Let's start with the normal. It shouldn't be too much of a stretch in today's economy to imagine the couple who has fallen on hard times. After years in a good job one or both lose their job, then their home and are thrust on the street to stand in line at a homeless shelter or to live in unfavorable conditions. In this dire situation one or both begin to live outside what is acceptable behavior in society.
This has actually happened to me. Though my husband is gainfully employed he makes half his previous income and we have lost our home. As a result, I live in a two bedroom apartment instead of a home paid for by years of mortgage payments. So far, I haven't reached the level of wretched excess, but I can imagine it with depth and detail because of my own experience.
Of course, this may be any number of situations. Our examples for this post is Shakespeare's plays, Othello, King Lear, Hamlet and Macbeth. In each play the protagonist is driven to break the rules of society. It's been years since I read King Lear and Macbeth, but I remember well that both Othello and Hamlet were driven 'mad' by their situations.
On a more modern note, I thoroughly enjoyed the movie, 'Dick and Jane Have Fun.' Perhaps I have lost some of you. And maybe I liked it because our home was in jeopardy when I saw it. Here is a movie where the protagonist loses his job because the CEO is a crook and Dick is an unknowing fall guy. To make matters worse, he had encouraged his wife to leave her job. This leads into a job search for Dick that is less then productive and totally embarrassing. Meanwhile Jane is desperate to keep the truth from the neighbors. After many embarrassing moments they start to rob stores and banks' making ridiculous what is a serious offense in society. At one store they force the staff to make them a coffee at gun point. In the end, they save the day for all the ex-employees and to avoid a spoiler in case you haven't seen the movie I will not tell you how.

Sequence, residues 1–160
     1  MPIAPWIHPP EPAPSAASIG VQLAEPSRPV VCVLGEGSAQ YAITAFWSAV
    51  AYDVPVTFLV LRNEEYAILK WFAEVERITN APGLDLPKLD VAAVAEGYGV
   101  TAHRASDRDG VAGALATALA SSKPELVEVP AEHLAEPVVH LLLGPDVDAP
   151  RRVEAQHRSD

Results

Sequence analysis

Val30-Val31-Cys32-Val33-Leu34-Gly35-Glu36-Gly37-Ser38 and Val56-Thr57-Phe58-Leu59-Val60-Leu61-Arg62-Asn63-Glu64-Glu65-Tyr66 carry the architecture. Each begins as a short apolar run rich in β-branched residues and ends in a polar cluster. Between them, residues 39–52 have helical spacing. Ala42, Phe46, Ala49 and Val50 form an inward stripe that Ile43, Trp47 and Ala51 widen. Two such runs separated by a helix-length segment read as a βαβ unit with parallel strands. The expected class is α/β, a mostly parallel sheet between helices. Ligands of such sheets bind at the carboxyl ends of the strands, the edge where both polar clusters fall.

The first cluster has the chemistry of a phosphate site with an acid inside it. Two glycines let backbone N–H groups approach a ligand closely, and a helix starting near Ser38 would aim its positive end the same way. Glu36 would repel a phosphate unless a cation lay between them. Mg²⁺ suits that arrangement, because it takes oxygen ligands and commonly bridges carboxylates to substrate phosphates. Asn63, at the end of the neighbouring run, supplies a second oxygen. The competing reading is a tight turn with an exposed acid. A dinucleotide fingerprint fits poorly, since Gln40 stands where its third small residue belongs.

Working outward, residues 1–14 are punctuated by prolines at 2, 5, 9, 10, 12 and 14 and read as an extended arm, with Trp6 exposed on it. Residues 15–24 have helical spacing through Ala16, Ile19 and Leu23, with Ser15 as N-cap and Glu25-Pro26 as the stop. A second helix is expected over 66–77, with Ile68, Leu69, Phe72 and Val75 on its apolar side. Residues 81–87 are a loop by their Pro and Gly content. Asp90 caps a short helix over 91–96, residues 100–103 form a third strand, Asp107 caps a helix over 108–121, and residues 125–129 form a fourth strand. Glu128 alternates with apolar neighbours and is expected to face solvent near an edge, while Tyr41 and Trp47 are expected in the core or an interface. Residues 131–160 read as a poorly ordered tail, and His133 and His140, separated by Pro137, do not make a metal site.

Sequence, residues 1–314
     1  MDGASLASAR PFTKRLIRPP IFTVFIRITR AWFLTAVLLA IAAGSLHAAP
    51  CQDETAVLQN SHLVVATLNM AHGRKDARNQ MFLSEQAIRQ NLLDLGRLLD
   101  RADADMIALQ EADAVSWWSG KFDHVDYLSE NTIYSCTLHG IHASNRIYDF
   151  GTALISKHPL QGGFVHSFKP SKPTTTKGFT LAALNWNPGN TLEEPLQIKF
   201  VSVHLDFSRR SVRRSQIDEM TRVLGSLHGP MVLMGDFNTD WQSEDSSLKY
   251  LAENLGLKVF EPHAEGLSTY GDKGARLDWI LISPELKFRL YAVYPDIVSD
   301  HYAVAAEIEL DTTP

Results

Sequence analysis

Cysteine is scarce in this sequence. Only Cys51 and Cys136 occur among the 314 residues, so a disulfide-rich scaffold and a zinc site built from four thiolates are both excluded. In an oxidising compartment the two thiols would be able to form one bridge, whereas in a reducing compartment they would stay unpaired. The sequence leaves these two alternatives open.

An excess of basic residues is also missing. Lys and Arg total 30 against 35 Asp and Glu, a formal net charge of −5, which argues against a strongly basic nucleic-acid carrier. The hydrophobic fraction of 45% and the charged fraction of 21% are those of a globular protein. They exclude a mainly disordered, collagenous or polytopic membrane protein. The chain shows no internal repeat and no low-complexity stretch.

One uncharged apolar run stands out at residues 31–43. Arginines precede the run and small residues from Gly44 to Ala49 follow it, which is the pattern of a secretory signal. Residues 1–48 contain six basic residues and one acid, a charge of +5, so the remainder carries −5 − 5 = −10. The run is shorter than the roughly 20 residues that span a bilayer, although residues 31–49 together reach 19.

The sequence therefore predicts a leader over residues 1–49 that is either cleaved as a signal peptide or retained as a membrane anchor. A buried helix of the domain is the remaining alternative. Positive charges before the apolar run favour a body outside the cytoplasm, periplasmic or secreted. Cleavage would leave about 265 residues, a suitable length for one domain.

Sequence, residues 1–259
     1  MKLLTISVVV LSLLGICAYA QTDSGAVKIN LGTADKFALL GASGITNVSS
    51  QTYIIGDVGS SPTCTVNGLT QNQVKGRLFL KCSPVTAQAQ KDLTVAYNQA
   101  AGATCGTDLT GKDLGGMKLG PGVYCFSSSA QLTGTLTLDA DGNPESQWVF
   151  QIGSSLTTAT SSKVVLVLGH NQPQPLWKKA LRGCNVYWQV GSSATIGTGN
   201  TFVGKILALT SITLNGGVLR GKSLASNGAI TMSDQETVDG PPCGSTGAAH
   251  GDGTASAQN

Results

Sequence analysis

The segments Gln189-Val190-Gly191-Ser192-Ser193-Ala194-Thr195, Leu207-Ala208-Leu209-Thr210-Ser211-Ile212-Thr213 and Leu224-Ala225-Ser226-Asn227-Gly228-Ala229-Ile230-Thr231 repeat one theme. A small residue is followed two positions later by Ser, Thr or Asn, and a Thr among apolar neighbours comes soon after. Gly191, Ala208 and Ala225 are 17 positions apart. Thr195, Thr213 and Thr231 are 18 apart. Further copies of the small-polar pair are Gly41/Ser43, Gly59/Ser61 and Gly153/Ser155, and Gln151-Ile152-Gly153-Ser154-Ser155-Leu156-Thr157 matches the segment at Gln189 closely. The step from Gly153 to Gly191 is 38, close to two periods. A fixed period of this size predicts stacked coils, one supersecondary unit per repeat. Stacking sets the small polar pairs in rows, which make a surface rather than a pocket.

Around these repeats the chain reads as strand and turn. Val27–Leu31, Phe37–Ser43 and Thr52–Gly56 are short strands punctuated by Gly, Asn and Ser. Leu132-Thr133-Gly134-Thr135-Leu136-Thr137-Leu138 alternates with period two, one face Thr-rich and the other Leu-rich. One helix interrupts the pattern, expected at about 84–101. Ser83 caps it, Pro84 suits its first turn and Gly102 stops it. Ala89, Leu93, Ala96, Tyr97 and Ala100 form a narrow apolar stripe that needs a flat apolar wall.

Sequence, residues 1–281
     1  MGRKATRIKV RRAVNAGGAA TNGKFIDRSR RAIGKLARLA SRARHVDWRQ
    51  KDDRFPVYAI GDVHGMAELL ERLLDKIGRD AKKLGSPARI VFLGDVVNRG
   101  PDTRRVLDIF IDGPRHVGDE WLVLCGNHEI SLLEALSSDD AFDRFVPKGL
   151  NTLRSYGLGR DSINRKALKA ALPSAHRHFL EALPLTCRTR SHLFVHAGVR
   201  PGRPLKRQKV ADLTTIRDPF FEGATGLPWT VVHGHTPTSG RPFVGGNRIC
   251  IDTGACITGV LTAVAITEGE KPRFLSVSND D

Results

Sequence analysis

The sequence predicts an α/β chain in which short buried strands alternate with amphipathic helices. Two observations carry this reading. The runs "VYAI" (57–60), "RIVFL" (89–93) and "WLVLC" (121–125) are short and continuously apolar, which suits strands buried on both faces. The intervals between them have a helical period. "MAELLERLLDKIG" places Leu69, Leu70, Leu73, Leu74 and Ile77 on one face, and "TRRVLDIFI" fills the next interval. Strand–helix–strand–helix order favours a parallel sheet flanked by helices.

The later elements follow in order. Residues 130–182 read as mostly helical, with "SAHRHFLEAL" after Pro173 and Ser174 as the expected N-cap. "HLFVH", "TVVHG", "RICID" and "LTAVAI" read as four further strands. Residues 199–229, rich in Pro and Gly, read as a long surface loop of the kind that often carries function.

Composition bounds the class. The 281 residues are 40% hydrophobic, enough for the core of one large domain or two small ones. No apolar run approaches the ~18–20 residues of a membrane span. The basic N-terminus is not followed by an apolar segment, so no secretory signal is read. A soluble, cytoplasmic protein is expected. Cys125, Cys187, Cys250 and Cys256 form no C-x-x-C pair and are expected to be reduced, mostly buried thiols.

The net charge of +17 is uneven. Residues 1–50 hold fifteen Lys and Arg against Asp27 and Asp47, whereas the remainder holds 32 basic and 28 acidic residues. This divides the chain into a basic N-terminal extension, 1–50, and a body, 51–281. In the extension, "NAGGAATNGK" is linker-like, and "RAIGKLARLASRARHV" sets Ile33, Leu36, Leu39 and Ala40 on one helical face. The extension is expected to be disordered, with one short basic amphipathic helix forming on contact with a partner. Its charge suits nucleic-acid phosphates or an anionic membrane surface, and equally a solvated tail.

The point of this little excursion into a modern movie is that you as a writer do not have to cast this plot, Wretched Excess, into tragedy but you can make it a comedy. It is up to you. Just remember, good writing starts with believable characters. Whatever the catalyst for your plot is, it must be believable.
We see our characters in a normal setting. The event strikes a blow that will begin to change who and what they are.
There is a gradual loss of control for your character. The reader witnesses his or her spiral out of control. Don't hide your characters struggles. You want the reader to have sympathy for the character no matter his crimes. The villain however, is another matter. The villain must be bad with no redeeming qualities or at least very few. The villain in the movie, 'Dick and Jane have fun,' is the CEO who is rich and flaunts it while his ex-employees suffer the consequence of his actions.
This begins at the point where the character loses control and spirals downward breaking the rules of society. At the end you almost always have, murder or mayhem, or on a lighter note, the protagonist pulls it together for a spectacular finish that leaves the reader cheering.
Now for the question. In my current whip, the secondary plot is Wretched Excess. Because it is the secondary plot, the protagonist doesn't lose control but must save others as the villain intends to destroy many of them.
Next week the plot will be Ascension & Descension. My spell check doesn't like the spelling of descension, but that is how it is spelled in the book, 20 Master Plots and how to build them, by Ronald B. Tobias. Next week's plot is also the last one.
Do you plan to use, Wretched Excess in any plot form?
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(This is post 300).